Journal of the American Medical Association

The Journal of the American Medical Association (JAMA) is a weekly, peer-reviewed, medical journal, published by the American Medical Association. Beginning in July 2011, the editor in chief will be Howard C. Bauchner, vice chairman of pediatrics at Boston University’s School of Medicine, replacing Catherine D. DeAngelis, who has served since 2000. In 1883, the first editor was Nathan Smith Davis (1817–1904). From 1883–1960, this journal was listed with ISSN 0002-9955 and without the acronym JAMA. Furthermore, there are French and Spanish language editions of JAMA. Established in 1883 by the American Medical Association and published continuously since then, JAMA publishes original research, reviews, commentaries, editorials, essays, medical news, correspondence, and ancillary content (such as abstracts of the Morbidity and Mortality Weekly Report). The journal covers a variety of medical topics. It includes fundamental research, research for the clinical sciences, and informs physicians of developments in other fields. Issues pertaining to medicine and health care are debated in this journal. Broader topical coverage related to medicine, includes nonclinical aspects of medicine,

Publisher
American Medical Association
Country
United States
History
1883–present
Impact factor
28.899 (2009)

Some content from Wikipedia, licensed under CC BY-SA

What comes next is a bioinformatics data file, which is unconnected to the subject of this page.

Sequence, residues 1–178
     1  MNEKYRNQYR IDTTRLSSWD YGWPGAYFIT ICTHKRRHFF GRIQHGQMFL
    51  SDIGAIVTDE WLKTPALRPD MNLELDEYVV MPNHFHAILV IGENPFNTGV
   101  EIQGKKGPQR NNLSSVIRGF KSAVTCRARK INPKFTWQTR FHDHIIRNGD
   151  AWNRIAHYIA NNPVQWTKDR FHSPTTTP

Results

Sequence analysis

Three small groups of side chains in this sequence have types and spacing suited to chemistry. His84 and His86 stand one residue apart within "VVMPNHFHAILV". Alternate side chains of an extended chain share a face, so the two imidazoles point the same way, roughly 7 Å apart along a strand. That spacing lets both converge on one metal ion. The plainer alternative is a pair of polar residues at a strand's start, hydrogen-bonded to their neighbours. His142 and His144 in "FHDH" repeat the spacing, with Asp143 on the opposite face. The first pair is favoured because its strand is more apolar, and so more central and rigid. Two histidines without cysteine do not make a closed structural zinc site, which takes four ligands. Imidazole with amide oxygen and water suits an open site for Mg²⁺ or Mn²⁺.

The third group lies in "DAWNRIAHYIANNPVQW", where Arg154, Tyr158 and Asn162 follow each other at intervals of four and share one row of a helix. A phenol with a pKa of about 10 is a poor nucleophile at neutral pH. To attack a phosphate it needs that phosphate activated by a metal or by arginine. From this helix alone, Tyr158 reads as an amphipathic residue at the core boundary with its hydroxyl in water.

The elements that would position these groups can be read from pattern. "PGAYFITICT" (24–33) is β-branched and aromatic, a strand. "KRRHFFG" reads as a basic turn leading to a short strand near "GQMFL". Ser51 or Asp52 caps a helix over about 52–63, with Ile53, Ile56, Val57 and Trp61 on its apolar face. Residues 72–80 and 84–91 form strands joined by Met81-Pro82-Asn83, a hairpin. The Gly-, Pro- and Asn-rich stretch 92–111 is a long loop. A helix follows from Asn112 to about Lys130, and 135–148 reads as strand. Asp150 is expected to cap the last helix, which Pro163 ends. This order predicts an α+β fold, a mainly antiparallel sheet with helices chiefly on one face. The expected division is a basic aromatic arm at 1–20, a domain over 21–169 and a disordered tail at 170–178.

Health

How fast you walk says a lot about your health

During a doctor's appointment, there's a few measures that quickly get a physician up to speed on our current health, such as measuring blood pressure and checking our BMI. But researchers say it could be helpful to add one ...

Health

US study finds rise in human glyphosate levels

Levels of glyphosate, a controversial chemical found in herbicides, markedly increased in the bodies of a sample population over two decades, a study published Tuesday in a US medical journal said.

Health

Nearly half of resident physicians report burnout

Resident physician burnout in the U.S. is widespread, with the highest rates concentrated in certain specialties, according to research from Mayo Clinic, OHSU and collaborators. The findings appear on Tuesday, Sept. 18, in ...

Medical economics

Nearly 1 in 3 US physicians were born abroad

At a time when immigration is a hot-button issue, the American health care system is highly dependent on professionals born in other countries, an analysis of U.S. census data shows.

Autism spectrum disorders

No rise in autism in US in past three years: study

After more than a decade of steady increases in the rate of children diagnosed with autism in the United States, the rate has plateaued in the past three years, researchers said Tuesday.

page 1 from 50